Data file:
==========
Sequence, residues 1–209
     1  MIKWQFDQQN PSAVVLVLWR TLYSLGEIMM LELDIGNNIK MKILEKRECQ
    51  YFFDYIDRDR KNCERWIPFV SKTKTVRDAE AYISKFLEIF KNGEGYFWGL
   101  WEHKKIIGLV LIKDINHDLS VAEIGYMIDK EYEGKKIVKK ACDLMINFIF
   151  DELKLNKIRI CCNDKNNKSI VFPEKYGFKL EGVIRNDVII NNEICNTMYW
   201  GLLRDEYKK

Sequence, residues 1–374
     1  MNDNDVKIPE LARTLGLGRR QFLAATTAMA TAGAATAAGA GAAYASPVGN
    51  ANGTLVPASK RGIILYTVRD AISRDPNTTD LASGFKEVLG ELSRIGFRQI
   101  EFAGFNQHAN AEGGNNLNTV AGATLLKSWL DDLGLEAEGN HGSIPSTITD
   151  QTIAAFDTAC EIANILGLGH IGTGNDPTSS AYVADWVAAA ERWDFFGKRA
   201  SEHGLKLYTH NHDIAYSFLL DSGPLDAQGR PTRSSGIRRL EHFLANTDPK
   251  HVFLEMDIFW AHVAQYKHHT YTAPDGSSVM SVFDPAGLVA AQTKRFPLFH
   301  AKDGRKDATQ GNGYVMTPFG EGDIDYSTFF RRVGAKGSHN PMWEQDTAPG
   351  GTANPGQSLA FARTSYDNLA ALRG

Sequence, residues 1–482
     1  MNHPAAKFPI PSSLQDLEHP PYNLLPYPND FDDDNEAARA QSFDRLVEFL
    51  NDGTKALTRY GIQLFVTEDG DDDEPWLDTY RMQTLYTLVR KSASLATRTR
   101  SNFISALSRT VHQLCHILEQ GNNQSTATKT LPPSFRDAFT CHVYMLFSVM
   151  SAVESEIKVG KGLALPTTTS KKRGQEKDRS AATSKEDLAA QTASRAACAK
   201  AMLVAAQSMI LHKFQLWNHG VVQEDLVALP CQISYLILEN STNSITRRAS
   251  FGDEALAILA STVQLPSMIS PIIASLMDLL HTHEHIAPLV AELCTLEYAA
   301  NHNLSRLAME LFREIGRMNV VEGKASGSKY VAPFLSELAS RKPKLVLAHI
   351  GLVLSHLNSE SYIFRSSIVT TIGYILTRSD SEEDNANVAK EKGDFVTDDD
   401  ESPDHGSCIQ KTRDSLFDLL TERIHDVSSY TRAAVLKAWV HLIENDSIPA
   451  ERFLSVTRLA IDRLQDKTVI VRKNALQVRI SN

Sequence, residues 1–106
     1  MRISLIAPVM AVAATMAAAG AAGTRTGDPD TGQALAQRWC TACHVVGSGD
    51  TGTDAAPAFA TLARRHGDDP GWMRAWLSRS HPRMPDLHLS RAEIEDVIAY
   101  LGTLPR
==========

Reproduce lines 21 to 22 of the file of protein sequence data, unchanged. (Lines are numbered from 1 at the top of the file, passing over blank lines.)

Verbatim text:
   201  AMLVAAQSMI LHKFQLWNHG VVQEDLVALP CQISYLILEN STNSITRRAS
   251  FGDEALAILA STVQLPSMIS PIIASLMDLL HTHEHIAPLV AELCTLEYAA